Getting their balls in a row

CHRIS STEVENSON, SUN MEDIA

, Last Updated: 11:05 AM ET

So much for our stadium battle being a "soccer vs. football" argument.

The Lansdowne Live group bidding to redevelop Frank Clair Stadium is willing to look at bringing a United Soccer Leagues franchise in to share the facility with a CFL club if it gets the nod from city council.

The 11-team USL-1 league competes regularly against clubs from Major League Soccer, which Senators owner Eugene Melnyk is attempting to bring to a proposed stadium in Kanata, at a fraction of the cost and with some success.

A USL-1 franchise costs about $750,000 U.S. compared to $40 million U.S. a franchise for the next round of MLS expansion.

The Montreal Impact of the USL beat out Toronto FC of the MLS and the Vancouver Whitecaps of the USL to win the Nutralite Canadian Championship and the right to represent Canada in the CONCACAF Champions League (the Impact lost to a Mexican team in the quarterfinals in Februrary, drawing 55,571 to Montreal's Olympic Stadium for one of the games).

"We have had an interest in pro soccer being part of Lansdowne Live since the beginning," said Ottawa 67's owner Jeff Hunt, who is fronting the Lansdowne Live bid, which has secured a conditional CFL franchise. "It sounds like the USL is on a par with the calibre of the MLS and if things don't work out in Kanata, it might be worth looking into.

"It certainly represents a way to test the waters of professional soccer in Ottawa at much less risk."

Hamilton Tiger-Cats owner Bob Young is an investor in the Carolina RailHawks of the USL and he said in a telephone interview with Sun Media yesterday he thinks a USL team in Ottawa, sharing a new facility at Lansdowne Park with a CFL team, "would be a slam dunk."

"We know this model works. We know it's entertaining soccer. I know Jeff Hunt would hit a home run with this," said Young. "Ottawa is the perfect place with its huge amateur soccer base."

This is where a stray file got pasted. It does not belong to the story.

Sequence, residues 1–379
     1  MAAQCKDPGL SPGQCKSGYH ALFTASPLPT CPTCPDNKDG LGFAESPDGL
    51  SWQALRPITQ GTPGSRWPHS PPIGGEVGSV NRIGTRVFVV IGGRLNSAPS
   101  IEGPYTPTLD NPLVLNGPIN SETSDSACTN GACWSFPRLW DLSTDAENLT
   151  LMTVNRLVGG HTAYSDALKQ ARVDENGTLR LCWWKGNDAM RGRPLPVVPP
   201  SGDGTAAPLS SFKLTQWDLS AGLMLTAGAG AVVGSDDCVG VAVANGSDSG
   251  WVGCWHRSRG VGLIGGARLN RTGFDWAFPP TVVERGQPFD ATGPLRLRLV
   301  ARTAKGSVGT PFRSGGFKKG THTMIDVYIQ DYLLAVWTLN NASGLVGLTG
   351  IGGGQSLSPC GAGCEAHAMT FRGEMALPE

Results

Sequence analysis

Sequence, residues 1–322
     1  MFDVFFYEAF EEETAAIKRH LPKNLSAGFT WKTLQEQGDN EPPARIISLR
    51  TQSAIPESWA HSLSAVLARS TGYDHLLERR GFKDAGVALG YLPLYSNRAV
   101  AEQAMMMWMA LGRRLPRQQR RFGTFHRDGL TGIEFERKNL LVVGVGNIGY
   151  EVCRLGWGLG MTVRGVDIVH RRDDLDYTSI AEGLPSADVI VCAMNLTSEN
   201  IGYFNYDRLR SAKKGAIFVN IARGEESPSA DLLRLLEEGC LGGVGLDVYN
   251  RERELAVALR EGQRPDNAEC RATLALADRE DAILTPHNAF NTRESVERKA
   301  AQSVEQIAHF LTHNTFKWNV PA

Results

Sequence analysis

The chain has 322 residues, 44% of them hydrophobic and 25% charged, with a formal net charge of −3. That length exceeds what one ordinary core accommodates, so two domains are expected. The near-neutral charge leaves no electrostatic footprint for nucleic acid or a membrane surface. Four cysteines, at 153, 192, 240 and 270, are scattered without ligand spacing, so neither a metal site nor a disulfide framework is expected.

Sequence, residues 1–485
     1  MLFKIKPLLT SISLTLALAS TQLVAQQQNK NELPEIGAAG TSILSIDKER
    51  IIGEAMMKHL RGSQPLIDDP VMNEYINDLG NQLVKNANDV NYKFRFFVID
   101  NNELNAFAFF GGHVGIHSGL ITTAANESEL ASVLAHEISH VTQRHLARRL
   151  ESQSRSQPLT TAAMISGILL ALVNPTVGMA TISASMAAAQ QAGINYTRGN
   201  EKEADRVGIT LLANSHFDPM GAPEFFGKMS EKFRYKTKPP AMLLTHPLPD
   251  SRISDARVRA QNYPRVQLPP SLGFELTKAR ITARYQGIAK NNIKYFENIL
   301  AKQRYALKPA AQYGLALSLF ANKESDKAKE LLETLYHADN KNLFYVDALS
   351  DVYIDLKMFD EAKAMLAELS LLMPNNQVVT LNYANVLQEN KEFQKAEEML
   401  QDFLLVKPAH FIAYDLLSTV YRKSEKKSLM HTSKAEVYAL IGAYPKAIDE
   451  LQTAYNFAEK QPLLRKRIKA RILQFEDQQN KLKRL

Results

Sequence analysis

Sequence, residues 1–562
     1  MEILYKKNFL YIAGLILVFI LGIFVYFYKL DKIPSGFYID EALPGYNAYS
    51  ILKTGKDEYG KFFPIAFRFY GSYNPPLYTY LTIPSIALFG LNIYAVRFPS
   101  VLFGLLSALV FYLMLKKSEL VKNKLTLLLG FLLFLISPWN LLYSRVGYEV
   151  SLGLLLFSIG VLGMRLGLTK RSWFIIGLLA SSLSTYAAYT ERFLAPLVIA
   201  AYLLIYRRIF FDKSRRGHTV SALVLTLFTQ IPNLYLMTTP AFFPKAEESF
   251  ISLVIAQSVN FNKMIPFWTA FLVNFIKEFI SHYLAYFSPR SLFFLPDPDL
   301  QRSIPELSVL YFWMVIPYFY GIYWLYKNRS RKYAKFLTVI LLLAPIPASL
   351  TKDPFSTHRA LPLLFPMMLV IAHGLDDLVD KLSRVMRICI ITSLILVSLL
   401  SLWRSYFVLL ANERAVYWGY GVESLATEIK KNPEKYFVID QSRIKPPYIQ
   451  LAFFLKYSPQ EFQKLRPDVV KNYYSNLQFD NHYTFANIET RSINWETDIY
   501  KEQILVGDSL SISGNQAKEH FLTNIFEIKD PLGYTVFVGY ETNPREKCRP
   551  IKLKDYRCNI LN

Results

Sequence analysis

Young -- who is definitely biased -- seemed to take considerable satisfaction in comparing the calibre of play in the USL and the MLS.

"You don't even need to do much research," he said. "I realize we're talking about just one season, but when you look at results from international matches, inter-league play ... the USL trounced them. It wasn't even debatable. The (MLS clubs) have a variety of excuses, they treated them like exhibition games, whereas the USL teams tried hard ... regardless, the excuses might explain why the USL was competitive, but not why (the MLS teams) were outplayed and outscored."

Looking at some soccer message boards, the debate is out there about the merits and strengths of both leagues with the conclusion being the top teams in the USL are certainly stronger than the bottom teams in the MLS. As near as can be figured, the MLS holds 11-9-4 edge head-to-head against USL teams in the past 25 games or so, though two USL teams advanced to the Champions League semifinals compared to one from the MLS.

The results would certainly indicate in head-to-head play, the USL-1 teams can certainly hold their own against the MLS.

The Ottawa Fury fields teams in the USL's Premier Development League (its lower level men's league) and the W-League (women's), among other divisions. If one of the goals is helping develop soccer in the national capital region, an added attraction would certainly be seeing graduates of the PDL Fury being able to stay here in Ottawa to play at the USL's top level.

There were 12 Canadians on the Impact's roster posted on its website yesterday.

The cost of a USL-1 franchise compared to an MLS franchise doesn't seem justified given the quality of play in both leagues. The USL looks like it might be a more prudent option, especially in a market like this one where the appetite for professional soccer is a question mark.

Just something else to add to the debate.


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